Type 1 Diabetes—Reaping the Rewards of a Targeted Research Investment

Judith E. Fradkin; Julie A. Wallace; Beena Akolkar; Griffin P. Rodgers

Disclosures

Diabetes. 2016;65(2):307-313. 

In This Article

Restoring β-cell Function

Another strategic goal pursued with the special funding is to identify ways to replace lost β-cells and restore insulin production. Islet transplantation has been demonstrated to be highly successful in reversing hypoglycemia unawareness.[12] The Immune Tolerance Network (ITN), with SDP support, conducted the first international, multicenter trial of islet transplantation using the Edmonton protocol.[13] Building on this trial, the Clinical Islet Transplantation (CIT) Consortium, supported by the SDP, has conducted clinical and mechanistic studies in islet transplantation, with or without accompanying kidney transplantation, with a goal of validating a process for islet cell manufacturing for submission to the FDA for licensure as a biologic product. If the licensure is approved, islet transplantation could potentially transition from an experimental treatment to a procedure covered by third-party insurers. The islet-alone phase 3 trial has been completed, and the islet-after-kidney phase 3 trial has reached its primary end point. In addition, the Collaborative Islet Transplant Registry (CITR), also supported with SDP funding, found that rates of independence from insulin administration at 3 years after islet transplant increased over time—from 27 to 37 to 44% in 1999–2002, 2003–2006, and 2007–2010, respectively.[14] The transplanted islets also functioned longer in the most recent period, and the procedure protected patients from severe episodes of hypoglycemia. In addition to demonstrating that islet transplantation can achieve insulin independence, results from the phase 3 trials and CITR show that even if insulin therapy is required, islet transplantation allows recipients previously incapacitated by hypoglycemia to achieve glycemic targets with a sustained marked decrease in severe hypoglycemic episodes. While this treatment has been life-changing for those with severe, recurring episodes of hypoglycemia, its use is limited by side effects of immunosuppressive medications and limited numbers of donor islets.

The Beta Cell Biology Consortium (BCBC) was established, with SDP support, to facilitate interdisciplinary collaborations to advance the understanding of pancreatic islet development and function with the goal of developing innovative therapies to correct the loss of β-cell mass in diabetes, including cell reprogramming, regeneration, and replacement. This team science initiative brought together more than 50 research laboratories. Their efforts contributed to one of the most important advances in stem cell biology—the recent discovery of a method for large-scale production of glucose-responsive β-cells from human pluripotent stem cells.[15] This breakthrough brings us closer to the goal of β-cell replacement through transplantation and has accelerated efforts to protect newly transplanted β-cells from the autoimmune attack through encapsulation, as well as immunomodulation. In addition, BCBC researchers discovered that δ-cells could be reprogrammed into β-cells, representing another potential way to restore lost β-cells in type 1 diabetes.[16]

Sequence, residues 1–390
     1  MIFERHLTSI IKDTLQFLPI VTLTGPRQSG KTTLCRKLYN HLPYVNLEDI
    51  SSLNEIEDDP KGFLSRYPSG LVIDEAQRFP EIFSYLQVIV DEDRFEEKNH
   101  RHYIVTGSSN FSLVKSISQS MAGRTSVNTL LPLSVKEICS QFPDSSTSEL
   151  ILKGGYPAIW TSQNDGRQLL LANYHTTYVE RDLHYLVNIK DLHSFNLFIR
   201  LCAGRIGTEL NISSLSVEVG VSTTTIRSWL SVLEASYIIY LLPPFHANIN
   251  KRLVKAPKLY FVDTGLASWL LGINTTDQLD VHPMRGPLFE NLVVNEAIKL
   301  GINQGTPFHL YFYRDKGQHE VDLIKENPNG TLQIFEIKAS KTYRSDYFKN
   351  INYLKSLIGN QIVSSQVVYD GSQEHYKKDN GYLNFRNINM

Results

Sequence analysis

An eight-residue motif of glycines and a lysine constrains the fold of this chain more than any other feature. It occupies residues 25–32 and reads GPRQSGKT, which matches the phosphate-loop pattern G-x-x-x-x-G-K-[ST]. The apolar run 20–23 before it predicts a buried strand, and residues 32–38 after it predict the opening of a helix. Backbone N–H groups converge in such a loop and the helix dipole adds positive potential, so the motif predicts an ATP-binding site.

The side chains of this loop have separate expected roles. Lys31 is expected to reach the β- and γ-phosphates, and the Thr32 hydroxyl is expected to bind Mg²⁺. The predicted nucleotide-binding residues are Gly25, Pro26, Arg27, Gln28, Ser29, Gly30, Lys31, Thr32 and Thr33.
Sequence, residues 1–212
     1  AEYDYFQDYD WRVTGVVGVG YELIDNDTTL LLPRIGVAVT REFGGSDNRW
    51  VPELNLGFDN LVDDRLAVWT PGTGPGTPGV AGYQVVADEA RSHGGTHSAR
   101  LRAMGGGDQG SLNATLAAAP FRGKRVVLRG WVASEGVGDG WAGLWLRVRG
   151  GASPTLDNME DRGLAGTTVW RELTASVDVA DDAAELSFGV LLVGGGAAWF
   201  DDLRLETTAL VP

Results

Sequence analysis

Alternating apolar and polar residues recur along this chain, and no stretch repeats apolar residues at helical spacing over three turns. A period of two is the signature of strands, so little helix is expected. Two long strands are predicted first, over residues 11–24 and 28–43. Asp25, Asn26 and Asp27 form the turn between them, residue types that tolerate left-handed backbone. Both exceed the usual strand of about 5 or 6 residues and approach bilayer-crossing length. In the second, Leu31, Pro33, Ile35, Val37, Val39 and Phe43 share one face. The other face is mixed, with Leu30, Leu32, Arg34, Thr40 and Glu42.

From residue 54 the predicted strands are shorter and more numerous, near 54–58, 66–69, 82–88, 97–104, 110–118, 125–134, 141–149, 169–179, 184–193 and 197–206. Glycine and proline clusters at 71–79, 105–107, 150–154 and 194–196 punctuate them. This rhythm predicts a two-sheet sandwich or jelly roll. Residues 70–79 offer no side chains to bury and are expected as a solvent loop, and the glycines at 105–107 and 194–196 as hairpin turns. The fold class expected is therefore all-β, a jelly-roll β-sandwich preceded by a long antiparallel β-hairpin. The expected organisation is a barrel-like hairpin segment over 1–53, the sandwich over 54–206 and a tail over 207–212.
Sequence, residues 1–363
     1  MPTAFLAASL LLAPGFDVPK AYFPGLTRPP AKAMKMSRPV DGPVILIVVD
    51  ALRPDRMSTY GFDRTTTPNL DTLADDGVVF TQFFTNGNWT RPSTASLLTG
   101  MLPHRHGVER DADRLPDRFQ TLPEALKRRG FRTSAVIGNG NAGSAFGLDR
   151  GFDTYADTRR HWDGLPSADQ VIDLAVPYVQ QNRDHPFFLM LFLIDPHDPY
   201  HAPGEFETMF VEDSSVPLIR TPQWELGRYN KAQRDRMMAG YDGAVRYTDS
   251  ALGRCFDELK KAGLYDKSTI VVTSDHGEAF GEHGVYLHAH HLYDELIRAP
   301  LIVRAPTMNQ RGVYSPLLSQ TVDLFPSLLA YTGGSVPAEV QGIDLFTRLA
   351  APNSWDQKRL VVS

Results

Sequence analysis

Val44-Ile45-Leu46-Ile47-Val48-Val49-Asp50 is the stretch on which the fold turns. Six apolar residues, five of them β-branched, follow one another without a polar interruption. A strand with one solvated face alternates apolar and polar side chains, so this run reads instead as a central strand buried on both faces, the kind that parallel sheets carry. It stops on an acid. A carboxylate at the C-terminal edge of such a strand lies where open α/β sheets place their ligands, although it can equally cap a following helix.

Building on this progress, the newly launched Human Islet Research Network (HIRN) (http://hirnetwork.org) will pursue innovative strategies to protect and replace β-cells in people with diabetes. Four independent, but complementary, research initiatives are focused on specific goals using human cells and tissues. One consortium is focused on the discovery of highly specific biomarkers of β-cell injury that will be important for testing strategies to stop β-cell destruction early in the disease process. Another is combining advances in β-cell and stem cell biology with tissue engineering technologies to develop microdevices that will support functional human islets in vivo. A third is developing innovative approaches to model the immunobiology of type 1 diabetes, reconstructing the disease using induced pluripotent stem cell–derived β-cells and thymic epithelial cells and immune systems derived from people with type 1 diabetes implanted in immunodeficient mice. The fourth is investigating methods to increase or maintain functional β-cell mass through targeted manipulation of islet plasticity or engineered protection of β-cells.

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